That second day soreness

DOMS


You know how you worked out hard. Went to bed. Woke up totally fine, and then the next day you're super sore!?

That's called DOMS. Delayed onset muscle soreness. It used to be thought that delayed onset muscle soreness was caused by the build-up of lactic acid in muscle tissue. However, new research has disproved this hypothesis, and it is now clear that whereas regular muscle soreness is predominantly due to microtrauma structural damage to muscle fibers, DOMS is primarily caused by the bodies inflammatory response to exercise and several other variables. 

Today, scientists know that DOMS is influenced by:

  • Athletic conditioning, age, and the skeletal muscular system
  • Structural damage to muscle tissue and tendons
  • The inflammatory response system
Whether you are conditioned or not, young or old, DOMS does not discriminate. 

There are few treatments that are supported by shreds of evidence. For instance, everyone will be pleased to know that one study (predictably European) showed some benefits to hot tubbing, specifically “warm underwater jet massage." However, it was a small and flawed piece of research — and most people know from personal experience that a soak in a hot tub may “take the edge off it,” but this hardly constitutes a miracle cure for DOMS.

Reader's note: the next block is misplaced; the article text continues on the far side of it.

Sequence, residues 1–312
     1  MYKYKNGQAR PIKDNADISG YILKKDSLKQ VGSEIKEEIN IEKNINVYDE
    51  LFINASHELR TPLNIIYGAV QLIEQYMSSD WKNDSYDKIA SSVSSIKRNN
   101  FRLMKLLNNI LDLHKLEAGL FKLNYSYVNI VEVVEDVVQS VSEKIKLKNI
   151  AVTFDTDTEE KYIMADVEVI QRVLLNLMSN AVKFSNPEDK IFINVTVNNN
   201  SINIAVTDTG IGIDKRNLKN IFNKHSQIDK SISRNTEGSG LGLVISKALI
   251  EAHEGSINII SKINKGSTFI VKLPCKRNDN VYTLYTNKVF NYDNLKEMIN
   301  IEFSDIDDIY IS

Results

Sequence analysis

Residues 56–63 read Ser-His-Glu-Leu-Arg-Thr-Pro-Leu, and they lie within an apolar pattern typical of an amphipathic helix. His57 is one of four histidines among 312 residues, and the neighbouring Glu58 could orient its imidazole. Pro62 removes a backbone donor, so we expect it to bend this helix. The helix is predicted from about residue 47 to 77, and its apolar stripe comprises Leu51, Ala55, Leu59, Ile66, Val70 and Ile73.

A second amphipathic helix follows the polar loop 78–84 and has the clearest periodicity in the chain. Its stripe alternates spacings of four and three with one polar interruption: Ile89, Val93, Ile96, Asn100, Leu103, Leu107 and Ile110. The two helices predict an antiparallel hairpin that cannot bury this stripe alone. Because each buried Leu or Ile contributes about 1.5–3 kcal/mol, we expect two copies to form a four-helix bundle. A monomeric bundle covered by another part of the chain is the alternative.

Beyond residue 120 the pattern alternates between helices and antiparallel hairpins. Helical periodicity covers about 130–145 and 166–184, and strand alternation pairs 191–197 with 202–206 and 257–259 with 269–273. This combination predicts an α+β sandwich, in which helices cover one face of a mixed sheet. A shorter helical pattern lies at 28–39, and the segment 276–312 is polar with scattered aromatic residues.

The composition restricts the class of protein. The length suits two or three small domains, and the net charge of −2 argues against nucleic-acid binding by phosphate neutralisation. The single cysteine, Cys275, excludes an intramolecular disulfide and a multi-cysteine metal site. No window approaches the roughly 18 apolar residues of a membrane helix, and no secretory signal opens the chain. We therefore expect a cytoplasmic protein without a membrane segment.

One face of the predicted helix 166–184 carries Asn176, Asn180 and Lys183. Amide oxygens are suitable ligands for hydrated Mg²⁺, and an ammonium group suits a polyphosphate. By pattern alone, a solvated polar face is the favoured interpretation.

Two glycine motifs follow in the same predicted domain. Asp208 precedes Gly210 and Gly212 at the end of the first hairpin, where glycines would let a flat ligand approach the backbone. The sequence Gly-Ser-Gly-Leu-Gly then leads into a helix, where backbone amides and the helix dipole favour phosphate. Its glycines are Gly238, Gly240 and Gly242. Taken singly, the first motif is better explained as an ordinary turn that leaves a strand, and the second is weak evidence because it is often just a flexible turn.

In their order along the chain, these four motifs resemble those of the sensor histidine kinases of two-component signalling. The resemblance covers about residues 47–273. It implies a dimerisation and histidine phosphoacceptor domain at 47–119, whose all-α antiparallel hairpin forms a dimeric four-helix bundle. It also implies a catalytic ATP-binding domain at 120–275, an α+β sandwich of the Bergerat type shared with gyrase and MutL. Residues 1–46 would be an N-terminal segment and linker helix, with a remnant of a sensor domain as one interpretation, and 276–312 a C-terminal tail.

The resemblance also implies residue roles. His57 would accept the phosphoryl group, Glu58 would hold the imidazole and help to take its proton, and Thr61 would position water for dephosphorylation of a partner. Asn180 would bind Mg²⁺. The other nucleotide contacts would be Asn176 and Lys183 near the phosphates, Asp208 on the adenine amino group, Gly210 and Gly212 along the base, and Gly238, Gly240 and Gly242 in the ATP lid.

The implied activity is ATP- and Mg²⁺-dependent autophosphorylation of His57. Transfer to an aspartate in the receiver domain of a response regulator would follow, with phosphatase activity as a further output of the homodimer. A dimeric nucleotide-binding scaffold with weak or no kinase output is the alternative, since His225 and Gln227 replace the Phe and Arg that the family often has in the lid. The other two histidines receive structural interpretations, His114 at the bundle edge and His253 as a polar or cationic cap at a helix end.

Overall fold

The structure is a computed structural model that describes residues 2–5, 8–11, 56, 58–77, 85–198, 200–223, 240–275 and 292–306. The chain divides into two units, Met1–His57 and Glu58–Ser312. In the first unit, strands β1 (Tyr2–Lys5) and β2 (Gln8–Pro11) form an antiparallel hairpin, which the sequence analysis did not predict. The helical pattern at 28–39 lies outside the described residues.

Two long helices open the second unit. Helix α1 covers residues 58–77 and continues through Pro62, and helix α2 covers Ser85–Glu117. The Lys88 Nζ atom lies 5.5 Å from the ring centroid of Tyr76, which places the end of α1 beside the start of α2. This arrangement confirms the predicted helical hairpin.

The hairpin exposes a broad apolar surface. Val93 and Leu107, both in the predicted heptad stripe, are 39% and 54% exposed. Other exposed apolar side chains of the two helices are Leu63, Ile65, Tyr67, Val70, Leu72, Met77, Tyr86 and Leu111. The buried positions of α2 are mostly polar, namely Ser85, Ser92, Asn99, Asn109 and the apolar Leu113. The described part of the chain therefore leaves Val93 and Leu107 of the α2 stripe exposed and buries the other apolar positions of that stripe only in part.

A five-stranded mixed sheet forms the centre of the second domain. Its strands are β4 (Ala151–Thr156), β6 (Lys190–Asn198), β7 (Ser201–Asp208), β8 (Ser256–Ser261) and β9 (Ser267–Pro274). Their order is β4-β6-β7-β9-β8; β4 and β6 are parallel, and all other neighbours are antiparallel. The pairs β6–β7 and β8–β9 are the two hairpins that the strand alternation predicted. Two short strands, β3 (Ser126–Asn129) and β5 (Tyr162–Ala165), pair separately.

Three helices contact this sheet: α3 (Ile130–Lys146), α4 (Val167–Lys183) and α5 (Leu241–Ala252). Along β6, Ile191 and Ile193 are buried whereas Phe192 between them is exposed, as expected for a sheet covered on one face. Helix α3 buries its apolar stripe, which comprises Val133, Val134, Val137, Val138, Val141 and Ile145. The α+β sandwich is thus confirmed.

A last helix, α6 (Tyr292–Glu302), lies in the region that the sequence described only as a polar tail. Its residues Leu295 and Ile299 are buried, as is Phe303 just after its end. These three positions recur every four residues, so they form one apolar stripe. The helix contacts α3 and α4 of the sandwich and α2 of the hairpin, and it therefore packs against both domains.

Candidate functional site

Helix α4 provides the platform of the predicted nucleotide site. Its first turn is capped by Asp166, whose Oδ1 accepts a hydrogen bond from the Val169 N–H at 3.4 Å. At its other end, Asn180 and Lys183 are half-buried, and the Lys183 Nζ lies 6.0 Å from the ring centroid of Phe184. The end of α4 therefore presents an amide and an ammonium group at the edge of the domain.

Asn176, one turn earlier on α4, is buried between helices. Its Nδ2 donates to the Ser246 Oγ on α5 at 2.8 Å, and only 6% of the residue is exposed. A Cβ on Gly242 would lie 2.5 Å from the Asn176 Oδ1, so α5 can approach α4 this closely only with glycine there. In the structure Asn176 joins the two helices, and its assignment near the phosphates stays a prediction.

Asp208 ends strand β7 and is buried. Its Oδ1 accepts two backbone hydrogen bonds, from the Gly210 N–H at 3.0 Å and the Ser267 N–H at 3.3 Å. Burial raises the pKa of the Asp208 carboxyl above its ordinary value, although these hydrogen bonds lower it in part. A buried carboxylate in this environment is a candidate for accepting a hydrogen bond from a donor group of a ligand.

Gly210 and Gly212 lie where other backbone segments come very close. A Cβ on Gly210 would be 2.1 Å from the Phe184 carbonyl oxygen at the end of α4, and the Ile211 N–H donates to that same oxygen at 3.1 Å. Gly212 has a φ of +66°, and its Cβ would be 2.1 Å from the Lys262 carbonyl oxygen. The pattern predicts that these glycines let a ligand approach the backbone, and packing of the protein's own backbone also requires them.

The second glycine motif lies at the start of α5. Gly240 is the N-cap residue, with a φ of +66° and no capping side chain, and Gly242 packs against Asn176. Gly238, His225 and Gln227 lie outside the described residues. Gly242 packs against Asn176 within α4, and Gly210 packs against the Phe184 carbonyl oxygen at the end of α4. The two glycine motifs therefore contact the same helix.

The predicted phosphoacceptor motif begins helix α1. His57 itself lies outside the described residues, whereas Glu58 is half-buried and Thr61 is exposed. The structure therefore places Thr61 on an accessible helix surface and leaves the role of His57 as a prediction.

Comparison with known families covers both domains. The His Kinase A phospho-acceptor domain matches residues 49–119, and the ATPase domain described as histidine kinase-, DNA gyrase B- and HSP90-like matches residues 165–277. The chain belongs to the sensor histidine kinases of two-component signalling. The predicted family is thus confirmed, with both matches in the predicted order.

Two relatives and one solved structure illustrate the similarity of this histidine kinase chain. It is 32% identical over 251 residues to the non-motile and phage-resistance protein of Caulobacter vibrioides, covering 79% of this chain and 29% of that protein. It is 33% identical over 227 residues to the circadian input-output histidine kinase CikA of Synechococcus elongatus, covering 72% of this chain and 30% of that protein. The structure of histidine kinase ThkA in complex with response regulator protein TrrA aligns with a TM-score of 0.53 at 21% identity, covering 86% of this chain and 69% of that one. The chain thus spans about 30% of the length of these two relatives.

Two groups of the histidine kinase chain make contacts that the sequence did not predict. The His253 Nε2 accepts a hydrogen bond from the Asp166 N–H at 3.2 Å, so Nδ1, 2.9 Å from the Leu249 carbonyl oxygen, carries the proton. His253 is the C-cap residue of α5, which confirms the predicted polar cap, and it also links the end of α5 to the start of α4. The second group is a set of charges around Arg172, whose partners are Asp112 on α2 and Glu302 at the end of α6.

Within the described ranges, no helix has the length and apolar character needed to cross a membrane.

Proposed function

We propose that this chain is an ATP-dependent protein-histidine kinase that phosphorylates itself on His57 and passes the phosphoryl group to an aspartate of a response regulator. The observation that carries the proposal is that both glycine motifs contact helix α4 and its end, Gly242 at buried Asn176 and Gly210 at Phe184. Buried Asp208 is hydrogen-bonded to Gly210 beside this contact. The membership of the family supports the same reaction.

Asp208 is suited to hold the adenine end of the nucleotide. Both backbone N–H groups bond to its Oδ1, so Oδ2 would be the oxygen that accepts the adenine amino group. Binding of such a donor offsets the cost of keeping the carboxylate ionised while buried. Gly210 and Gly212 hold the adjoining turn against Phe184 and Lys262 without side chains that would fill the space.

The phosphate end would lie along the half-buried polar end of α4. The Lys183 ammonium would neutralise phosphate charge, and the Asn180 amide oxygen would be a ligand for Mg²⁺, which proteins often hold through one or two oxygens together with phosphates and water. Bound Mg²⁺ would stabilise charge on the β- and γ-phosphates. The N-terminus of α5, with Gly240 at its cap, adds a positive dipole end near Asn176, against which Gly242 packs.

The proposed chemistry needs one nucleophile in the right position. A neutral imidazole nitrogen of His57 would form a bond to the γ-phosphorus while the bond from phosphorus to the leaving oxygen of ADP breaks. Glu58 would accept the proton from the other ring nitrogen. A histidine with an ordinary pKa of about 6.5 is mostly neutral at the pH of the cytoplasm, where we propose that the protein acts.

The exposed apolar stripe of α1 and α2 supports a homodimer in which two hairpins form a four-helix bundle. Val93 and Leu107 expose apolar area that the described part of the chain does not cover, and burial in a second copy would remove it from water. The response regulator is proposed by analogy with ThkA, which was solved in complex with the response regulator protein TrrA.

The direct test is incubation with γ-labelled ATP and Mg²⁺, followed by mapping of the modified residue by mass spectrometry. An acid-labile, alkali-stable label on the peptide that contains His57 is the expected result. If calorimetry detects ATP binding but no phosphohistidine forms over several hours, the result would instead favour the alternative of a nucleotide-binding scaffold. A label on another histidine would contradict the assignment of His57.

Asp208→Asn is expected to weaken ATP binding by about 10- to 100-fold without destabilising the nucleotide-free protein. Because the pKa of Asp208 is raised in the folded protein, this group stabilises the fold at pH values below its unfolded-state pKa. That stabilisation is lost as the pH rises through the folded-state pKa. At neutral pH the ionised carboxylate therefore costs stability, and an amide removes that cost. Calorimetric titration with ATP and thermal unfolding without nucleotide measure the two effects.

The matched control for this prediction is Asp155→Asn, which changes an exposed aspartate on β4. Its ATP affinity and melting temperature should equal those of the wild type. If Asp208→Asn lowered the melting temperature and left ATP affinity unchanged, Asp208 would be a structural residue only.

“Vitamin I” may also be partially useful. Ibuprofen (and other anti-inflammatory drugs, the NSAIDS) have been shown to reduce the pain of DOMS, although — disappointingly — they are not actually aiding recovery in any meaningful sense. For instance, they do not reduce the muscle weakness that goes with it. If you had severe DOMS in your quadriceps, taking ibuprofen would probably reduce your pain, but you would still not be able to jump as high as usual. In short, they are masking the pain, not treating the problem. For instance, if you had severe DOMS in your quadriceps, taking ibuprofen would probably reduce your pain, but you would still not be able to jump as high as usual. Note that topical NSAIDs (like Voltaren) may be almost completely ineffective, probably because the drug can’t be absorbed into deep enough tissue.


We wish we could give you all the answers on how to cure your DOMS. However, there is little evidence to suggest that you can speed up the recovery. Take it easy, you should feel normal again within a few days.

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